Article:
The goals of arthritis treatment are to:
People with early symptoms of arthritis are often inclined to self-treat with over-the-counter medications, topical creams, or conservative measures, such as ice or heat. The Arthritis Foundation recommends seeing a doctor if you have joint pain, stiffness, or swelling which persists for two or more weeks, whether or not your symptoms began suddenly or gradually. Only a doctor can diagnose arthritis. An accurate diagnosis is needed so appropriate treatment can begin.
A rheumatologist (arthritis specialist) will help you understand all of your treatment options and also help you steer clear of unproven remedies. Discuss the potential benefits and risks of each treatment option with your doctor.
Medications are considered traditional treatment for arthritis. Depending on the severity of your arthritis symptoms when you first consult with your doctor, one or more medications will likely be prescribed.
Drug classes used to treat arthritis include:
- NSAIDs (nonsteroidal anti-inflammatory drugs)
- COX-2 Inhibitors
- Pain Medication (analgesics)
- DMARDs (disease-modifying anti-rheumatic drugs)
- Biologic Response Modifiers (Biologics)
Ask your doctor why specific medications were prescribed. Inquire about expected benefits and when you may notice improvement. Ask if there are potential side effects associated with the medications and how you will be monitored (i.e., routine blood tests). Make sure you understand the goals. If you understand, you are more likely to be compliant with the treatment plan.
Injections into a Joint
There are several types of injections which can be given locally into the joint. Viscosupplementation is a procedure that involves the injection of gel-like substances (hyaluronates) into a joint (currently approved for knee) to supplement the viscous properties of synovial fluid.
Local steroid injections can be used for a specific, painful joint. Three steroid injections per year into a joint is the maximum allowed by most doctors. Steroid injections were used long before viscosupplementation became a treatment option. Both are still used though, depending on patient preference.
Some people are more interested in natural treatments than traditional medications. If you prefer a natural approach to treating arthritis, it's still imperative that you tell your doctor what you are taking or what you want to try. There are many natural treatment options, also referred to as alternative treatments, which are popular but not fully endorsed for effectiveness and safety. Be aware.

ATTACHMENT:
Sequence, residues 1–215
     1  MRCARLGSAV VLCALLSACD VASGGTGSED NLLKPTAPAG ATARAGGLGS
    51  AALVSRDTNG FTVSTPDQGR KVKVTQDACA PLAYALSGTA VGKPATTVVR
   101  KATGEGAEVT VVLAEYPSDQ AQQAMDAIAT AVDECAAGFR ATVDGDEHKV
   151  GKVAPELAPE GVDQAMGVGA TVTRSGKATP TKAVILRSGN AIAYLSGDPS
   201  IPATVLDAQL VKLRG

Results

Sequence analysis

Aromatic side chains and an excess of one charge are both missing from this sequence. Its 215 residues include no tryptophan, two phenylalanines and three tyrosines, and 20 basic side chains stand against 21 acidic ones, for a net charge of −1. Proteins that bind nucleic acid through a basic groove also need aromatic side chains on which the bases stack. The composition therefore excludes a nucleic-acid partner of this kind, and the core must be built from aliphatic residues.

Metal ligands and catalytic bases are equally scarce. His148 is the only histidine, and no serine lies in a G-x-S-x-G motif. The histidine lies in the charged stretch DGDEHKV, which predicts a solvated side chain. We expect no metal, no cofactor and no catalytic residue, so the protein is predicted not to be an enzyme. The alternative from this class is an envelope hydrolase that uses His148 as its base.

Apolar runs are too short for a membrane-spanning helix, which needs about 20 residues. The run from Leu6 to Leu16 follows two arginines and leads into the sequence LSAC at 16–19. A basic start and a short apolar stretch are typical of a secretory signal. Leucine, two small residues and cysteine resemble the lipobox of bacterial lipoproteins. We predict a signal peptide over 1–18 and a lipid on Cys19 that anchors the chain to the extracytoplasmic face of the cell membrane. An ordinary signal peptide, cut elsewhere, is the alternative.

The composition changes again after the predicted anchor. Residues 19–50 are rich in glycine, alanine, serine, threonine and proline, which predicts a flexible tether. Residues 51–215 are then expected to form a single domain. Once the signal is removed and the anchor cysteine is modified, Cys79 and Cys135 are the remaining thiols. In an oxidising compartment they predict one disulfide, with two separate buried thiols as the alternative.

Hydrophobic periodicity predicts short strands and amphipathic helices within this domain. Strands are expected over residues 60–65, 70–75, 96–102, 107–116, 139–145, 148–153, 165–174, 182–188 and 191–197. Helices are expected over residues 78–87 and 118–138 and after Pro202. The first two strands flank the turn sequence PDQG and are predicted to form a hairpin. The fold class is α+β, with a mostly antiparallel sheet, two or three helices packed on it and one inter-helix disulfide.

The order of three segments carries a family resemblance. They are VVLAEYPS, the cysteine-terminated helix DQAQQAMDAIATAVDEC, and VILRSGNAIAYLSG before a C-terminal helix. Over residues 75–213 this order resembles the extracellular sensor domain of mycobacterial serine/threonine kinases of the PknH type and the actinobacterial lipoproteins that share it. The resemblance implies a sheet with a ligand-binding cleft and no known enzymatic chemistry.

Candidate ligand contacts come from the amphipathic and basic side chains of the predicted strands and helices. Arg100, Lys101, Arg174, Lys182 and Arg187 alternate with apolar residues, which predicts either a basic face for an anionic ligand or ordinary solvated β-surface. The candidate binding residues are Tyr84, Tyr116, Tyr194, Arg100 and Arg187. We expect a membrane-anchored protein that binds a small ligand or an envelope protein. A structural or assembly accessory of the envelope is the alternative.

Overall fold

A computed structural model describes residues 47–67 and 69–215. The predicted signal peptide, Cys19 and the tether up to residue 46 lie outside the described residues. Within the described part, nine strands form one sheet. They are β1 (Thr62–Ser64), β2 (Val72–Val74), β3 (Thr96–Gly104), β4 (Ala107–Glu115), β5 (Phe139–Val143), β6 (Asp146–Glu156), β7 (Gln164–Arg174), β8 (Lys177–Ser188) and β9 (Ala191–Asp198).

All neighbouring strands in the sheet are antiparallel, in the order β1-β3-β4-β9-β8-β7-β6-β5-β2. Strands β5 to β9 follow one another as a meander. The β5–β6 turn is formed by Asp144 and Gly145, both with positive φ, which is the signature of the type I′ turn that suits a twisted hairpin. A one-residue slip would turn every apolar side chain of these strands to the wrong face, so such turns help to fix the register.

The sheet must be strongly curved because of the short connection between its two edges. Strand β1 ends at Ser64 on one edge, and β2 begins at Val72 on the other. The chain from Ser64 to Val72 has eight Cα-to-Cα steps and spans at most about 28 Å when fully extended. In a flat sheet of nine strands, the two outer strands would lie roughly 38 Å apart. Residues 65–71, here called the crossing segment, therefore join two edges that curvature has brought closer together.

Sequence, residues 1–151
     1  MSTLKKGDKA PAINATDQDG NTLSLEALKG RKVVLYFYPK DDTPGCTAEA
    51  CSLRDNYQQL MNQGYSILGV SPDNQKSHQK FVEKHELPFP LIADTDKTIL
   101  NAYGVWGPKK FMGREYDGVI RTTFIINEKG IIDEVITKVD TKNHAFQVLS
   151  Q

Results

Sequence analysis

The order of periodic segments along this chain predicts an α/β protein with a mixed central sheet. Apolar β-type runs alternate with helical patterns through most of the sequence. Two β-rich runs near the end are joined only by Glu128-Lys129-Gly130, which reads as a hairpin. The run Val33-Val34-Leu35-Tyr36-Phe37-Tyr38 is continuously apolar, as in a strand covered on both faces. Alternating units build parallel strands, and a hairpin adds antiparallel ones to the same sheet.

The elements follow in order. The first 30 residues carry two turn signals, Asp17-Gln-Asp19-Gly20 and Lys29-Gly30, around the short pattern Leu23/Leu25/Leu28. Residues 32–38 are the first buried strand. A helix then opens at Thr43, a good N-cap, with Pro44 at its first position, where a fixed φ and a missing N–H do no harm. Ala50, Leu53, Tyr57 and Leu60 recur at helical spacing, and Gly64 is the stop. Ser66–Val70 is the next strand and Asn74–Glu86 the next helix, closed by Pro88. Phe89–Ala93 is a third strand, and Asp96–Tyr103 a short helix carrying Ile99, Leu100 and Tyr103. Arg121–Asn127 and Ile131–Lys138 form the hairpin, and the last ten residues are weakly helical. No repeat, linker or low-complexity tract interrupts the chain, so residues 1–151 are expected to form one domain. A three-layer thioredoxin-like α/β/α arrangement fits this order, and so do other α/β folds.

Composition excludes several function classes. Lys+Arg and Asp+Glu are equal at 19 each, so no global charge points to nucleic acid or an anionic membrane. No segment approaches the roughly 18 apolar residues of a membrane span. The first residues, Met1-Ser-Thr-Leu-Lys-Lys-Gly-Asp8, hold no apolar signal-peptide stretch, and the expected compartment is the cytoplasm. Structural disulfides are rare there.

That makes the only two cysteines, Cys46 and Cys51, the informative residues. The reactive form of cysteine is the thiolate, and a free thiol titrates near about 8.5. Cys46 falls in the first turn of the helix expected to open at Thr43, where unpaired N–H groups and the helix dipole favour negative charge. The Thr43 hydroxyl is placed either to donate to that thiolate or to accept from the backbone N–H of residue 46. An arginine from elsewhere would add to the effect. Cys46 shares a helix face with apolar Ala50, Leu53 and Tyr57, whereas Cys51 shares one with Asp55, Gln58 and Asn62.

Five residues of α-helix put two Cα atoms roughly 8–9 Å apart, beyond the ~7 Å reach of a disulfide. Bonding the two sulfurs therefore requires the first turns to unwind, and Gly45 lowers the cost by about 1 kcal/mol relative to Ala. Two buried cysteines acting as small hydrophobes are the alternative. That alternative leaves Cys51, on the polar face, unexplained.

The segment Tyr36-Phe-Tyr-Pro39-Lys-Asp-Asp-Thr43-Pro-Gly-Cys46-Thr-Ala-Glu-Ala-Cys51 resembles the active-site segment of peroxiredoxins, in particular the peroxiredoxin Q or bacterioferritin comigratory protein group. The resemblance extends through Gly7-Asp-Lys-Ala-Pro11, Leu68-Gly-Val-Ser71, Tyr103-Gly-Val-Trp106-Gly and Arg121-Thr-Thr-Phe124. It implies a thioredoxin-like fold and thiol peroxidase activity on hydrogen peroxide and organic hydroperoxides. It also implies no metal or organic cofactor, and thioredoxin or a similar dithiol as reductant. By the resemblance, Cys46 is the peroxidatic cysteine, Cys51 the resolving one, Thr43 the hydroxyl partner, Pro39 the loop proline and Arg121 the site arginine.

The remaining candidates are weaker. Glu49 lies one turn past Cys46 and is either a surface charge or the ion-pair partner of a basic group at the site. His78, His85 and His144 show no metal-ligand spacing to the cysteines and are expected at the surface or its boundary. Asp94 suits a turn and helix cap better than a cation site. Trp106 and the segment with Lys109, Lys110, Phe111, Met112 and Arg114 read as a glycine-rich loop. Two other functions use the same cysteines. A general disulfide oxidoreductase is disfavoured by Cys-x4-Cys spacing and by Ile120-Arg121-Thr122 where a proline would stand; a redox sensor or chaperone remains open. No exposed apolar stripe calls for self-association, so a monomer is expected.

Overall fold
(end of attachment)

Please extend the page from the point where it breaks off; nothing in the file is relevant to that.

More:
- Acupuncture / Acupressure
- Tai Chi
- Supplements such as fish oil, glucosamine, chondroitin, MSM
- Are Natural Therapies Useful for Arthritis Patients?
- Alternative Treatments for Arthritis - Awareness is the Key
- Test Your Knowledge - Alternative and Natural Treatments
- Traditional and Alternative Treatments - Where Should the Paths Cross?
The terms complementary medicine and alternative medicine are sometimes used interchangeably. The difference is that complementary treatments are used together with your usual treatment regimen. Alternative treatments imply that they are used instead of your usual treatment.
Regular exercise is strongly recommended for arthritis patients. Exercise can reduce pain and improve physical function, muscle strength, and quality of life for people with arthritis.
- Exercise Is Essential Treatment for Arthritis
- How to Exercise When You Have Arthritis
- Arthritis and Exercise Quiz
Eating a nutritious diet is important for maintaining ideal weight and for bone health,too. There is no known diet that can cure arthritis, but eating well is important.
- Diet and Arthritis - The Link Is Complex
- Fruits and Vegetables May Cut Arthritis Risk
- Arthritis and Diet Quiz
Stress management may also be useful as a complementary treatment. Reducing stress helps to reduce pain and stiffness associated with arthritis.
Joint surgery is usually considered a last resort treatment option. Joint surgery is typically considered if conservative treatment measures are unsatisfactory or have stopped working. When joint damage is severe and when pain interferes with daily activities, joint surgery may be an option with the goal of decreasing pain and restoring function.
- Arthrodesis (fusion)
- Joint replacement
- Revision joint replacement
- Partial knee replacement
- Too Young for Joint Replacement?
- Test Your Knowledge - Types of Joint Surgery
- Joint Replacement - When Is It the Right Time?
Pain is debilitating and can greatly interfere with daily living. Better treatments are always being sought, so people living with arthritis pain can find relief.
Conditions and Treatments. Arthritis Foundation. 5/24/07.
Joint Replacement Surgery and You. NIAMS. 5/24/07.
Questions About Arthritis and Rheumatic Diseases. NIAMS. 5/24/07.